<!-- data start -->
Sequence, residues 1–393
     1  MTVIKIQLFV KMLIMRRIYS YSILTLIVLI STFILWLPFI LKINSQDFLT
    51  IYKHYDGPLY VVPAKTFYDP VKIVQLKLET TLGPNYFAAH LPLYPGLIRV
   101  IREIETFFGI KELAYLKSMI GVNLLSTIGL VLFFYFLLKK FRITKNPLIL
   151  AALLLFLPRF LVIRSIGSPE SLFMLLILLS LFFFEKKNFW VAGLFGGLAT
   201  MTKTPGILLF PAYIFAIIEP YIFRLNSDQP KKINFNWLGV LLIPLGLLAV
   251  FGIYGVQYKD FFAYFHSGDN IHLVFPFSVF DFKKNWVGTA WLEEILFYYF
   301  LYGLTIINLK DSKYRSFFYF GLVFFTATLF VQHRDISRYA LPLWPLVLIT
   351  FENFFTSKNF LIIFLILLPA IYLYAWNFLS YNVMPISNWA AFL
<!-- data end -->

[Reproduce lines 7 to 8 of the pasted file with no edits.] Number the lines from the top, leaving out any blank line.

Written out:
   251  FGIYGVQYKD FFAYFHSGDN IHLVFPFSVF DFKKNWVGTA WLEEILFYYF
   301  LYGLTIINLK DSKYRSFFYF GLVFFTATLF VQHRDISRYA LPLWPLVLIT